Local governments across China have issued a new round of consumption vouchers to boost the recovery of catering, tourism, retail and other industries weighed down by the COVID-19 epidemic.
The southern metropolis of Guangzhou has issued coupons worth a total of 30 million yuan (about 4.3 million U.S. dollars), covering catering, e-commerce, retail and hotel businesses.
A restaurant owner in Guangzhou's Baiyun District said customer flow has rebounded over the past weekend, and almost half of the consumers used coupons issued by the government.
Since November, Beijing has issued six batches of vouchers applicable to electronic devices such as mobile phones, laptops, tablet computers and air purifiers.
Northwest China's Xinjiang Uygur Autonomous Region has planned to issue more than 50,000 consumption vouchers for its 10 ski resorts from late December to February next year.
The island province of Hainan has issued 53 million yuan of vouchers to potential tourists around the country since late October, which has already achieved notable results. Over the past month or so, tourists from outside the island have accounted for 76 percent.
Several cities including Sanya, Changsha and Shenzhen have issued vouchers for purchasing new energy vehicles, with an average face value of over 1,000 yuan.
Some coupons have been distributed to certain groups of consumers. For example, Taiyuan City in Shanxi Province issued vouchers for the elderly, while Hohhot of Inner Mongolia Autonomous Region issued vouchers for ride-hailing drivers, truck drivers, couriers and take-out deliverymen.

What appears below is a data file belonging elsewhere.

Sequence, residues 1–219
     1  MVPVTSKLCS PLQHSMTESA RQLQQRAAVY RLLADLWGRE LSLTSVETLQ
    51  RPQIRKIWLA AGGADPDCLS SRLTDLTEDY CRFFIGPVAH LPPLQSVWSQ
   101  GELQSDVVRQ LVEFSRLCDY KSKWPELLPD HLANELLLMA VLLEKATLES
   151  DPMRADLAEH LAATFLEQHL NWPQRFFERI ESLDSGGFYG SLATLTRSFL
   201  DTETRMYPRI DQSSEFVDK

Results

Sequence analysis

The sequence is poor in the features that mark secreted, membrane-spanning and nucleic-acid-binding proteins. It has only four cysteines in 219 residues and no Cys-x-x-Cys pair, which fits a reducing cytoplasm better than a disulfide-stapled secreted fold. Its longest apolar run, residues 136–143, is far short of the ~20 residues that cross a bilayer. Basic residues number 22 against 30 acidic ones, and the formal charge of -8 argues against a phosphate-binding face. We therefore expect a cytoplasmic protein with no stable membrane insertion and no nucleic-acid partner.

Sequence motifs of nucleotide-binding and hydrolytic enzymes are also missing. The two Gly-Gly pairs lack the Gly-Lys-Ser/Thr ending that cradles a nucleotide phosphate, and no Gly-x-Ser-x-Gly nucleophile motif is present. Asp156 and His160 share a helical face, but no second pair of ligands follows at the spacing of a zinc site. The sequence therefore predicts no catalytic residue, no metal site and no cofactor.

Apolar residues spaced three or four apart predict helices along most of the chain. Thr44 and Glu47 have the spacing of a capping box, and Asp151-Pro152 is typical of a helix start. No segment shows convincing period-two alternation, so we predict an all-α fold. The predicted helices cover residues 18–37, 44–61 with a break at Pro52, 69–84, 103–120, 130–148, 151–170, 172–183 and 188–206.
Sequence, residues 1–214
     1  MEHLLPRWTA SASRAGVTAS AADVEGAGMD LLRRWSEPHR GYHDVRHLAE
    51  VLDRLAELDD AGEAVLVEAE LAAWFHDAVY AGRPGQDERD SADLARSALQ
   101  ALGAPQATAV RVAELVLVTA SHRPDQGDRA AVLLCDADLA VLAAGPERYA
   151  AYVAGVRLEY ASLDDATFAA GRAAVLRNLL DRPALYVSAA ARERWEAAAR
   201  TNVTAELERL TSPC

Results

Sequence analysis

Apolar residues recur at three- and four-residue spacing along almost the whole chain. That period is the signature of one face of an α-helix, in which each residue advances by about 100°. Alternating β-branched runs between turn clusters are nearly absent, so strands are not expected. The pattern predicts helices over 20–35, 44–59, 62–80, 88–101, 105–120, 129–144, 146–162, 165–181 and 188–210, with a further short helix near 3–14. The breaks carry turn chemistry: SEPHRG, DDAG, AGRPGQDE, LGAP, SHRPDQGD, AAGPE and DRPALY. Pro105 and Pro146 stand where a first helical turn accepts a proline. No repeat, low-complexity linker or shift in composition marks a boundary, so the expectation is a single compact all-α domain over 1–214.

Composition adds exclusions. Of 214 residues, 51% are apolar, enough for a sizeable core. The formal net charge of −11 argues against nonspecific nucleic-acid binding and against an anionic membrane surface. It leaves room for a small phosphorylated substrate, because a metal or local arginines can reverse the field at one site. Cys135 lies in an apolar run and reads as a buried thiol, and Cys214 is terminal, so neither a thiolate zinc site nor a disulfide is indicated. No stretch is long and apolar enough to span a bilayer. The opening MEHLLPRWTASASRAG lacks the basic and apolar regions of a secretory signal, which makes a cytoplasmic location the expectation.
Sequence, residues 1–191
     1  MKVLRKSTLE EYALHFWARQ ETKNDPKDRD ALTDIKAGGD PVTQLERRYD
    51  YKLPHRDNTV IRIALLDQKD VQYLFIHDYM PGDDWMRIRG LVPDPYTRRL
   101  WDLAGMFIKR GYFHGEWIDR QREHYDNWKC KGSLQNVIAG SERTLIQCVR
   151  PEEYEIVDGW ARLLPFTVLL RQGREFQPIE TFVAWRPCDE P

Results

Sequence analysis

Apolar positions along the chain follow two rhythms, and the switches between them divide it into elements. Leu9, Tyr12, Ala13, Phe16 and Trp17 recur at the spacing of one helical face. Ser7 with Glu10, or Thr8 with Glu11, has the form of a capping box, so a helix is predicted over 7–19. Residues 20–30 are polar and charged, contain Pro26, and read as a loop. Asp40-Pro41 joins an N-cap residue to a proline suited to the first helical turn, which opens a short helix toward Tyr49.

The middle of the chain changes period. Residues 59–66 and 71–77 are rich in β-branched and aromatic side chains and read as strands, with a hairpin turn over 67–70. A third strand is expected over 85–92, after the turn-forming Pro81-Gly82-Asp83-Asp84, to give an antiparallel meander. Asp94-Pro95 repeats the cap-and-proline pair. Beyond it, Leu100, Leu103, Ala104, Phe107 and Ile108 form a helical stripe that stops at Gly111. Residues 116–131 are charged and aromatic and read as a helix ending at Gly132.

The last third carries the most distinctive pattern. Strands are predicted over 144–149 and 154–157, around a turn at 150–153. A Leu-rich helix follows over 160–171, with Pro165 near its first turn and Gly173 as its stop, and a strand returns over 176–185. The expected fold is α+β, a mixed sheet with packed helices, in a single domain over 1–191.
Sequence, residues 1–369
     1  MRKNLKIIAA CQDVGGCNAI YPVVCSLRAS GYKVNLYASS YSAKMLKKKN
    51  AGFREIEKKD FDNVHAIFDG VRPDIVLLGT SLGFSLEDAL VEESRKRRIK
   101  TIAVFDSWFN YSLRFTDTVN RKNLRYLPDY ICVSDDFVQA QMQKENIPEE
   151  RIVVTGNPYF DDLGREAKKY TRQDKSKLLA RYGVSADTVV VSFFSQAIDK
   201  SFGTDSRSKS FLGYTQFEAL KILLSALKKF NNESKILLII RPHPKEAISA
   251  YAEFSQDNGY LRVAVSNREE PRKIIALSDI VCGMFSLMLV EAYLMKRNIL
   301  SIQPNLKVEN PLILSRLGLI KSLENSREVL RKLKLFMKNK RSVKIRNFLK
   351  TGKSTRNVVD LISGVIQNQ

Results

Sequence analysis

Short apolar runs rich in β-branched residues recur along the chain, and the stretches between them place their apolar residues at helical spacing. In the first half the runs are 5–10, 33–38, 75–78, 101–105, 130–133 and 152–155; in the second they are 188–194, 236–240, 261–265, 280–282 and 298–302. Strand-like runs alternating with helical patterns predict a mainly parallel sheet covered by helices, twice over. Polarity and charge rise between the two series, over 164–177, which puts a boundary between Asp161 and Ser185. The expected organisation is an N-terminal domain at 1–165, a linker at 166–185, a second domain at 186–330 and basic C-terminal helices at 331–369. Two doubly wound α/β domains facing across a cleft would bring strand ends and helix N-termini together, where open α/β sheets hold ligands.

The annual Central Economic Work Conference held in Beijing last week underlined the role of consumption. Policymakers at the meeting prioritized the recovery and expansion of consumption as a key way to boost domestic demand in 2023.
Issuing consumption vouchers has proved effective in driving economic recovery. According to the data of the People's Bank of China Guangzhou Branch, in the first round of consumption promotion this year which ended in early May, Guangdong issued some 607 million yuan of vouchers, which helped to stimulate 3.58 billion yuan of consumer transactions.
Cao Zhongxiong, director of the Department of Digital Strategy and Economics at China Development Institute, said that an optimized voucher system could effectively consolidate the foundation of economic recovery.
On the other hand, it is necessary to stabilize employment, increase income, and enhance consumer confidence and ability through measures such as cutting taxes and fees and increasing financial support, Cao added.